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Last Post 05/13/2013 10:08 PM by Michael Merva. 24 Replies.
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05/10/2013 12:21 PM
Posted By Cosmic Kid on 05/10/2013 12:15 PM
Posted By bob etzler on 05/10/2013 11:50 AM
Did working in the industry help feed your addiction?

Yes & also caused a bit of burnout,

That's happened to me with Motocross. Got to the point were I was making excuses not to ride. Sometimes less is more.

P.S. Loving this forum software and the ability to quote!


05/10/2013 01:03 PM
I got started in college when some guys on the team got out their road bikes once the season was over. They talked me into getting a used bike and that was it. what a difference riding hours and hours for fun rather than looking at the bottom of a pool 4 hours a day. I started riding in Montana, so had to learn to ride in "weather" from the get go. Did some racing but it was a minimal scene up there, so touring became the norm. It was just fun to get out and ride 6, 7 hours through the mountains, and by the way, get in some great conditioning. I got into touring in a big way by becoming a group leader for Bikecentennial, which was based in Missoula, where I was going to school. That was a cross-US bike ride during the 1976 Bicentennial. I rode across the US with a group of 15 and had a blast. It really was the trip of a lifetime. I did a cross-US trip again a couple years later with one friend. Still great time. Since then it's been mostly centuries, doubles and some tours. I did triathlons for several years and did well, but it took so much training time and I really like just biking better. After 8 years of heavy swimming competition I didn't really care much about racing bikes. Fun for a few years, but I just find long rides to be more enjoyable.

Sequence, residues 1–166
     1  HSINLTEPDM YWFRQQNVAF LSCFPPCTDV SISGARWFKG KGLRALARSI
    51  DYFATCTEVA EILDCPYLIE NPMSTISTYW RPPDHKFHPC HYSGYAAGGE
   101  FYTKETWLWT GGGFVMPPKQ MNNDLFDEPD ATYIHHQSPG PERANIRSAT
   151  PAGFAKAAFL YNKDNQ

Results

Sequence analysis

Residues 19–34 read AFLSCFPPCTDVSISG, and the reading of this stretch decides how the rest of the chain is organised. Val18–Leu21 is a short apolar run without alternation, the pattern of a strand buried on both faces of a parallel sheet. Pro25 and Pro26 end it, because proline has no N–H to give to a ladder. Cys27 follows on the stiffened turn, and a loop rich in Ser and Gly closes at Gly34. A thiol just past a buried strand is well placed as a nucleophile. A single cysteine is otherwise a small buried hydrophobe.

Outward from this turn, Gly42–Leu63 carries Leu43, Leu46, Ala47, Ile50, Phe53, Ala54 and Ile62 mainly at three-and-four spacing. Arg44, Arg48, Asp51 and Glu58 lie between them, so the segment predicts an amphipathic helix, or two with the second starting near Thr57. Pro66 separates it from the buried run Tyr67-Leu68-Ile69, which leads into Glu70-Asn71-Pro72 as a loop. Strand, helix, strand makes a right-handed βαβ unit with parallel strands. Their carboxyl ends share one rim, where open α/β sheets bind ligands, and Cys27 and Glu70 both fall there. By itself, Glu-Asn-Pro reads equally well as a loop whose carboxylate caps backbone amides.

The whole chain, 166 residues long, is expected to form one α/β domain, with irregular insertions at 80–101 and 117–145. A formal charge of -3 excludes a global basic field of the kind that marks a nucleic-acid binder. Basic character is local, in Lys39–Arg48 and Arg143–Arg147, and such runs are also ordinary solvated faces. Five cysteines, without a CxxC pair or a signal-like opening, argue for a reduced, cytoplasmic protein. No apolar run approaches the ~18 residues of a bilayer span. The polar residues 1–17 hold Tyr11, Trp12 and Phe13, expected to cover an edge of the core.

05/10/2013 01:27 PM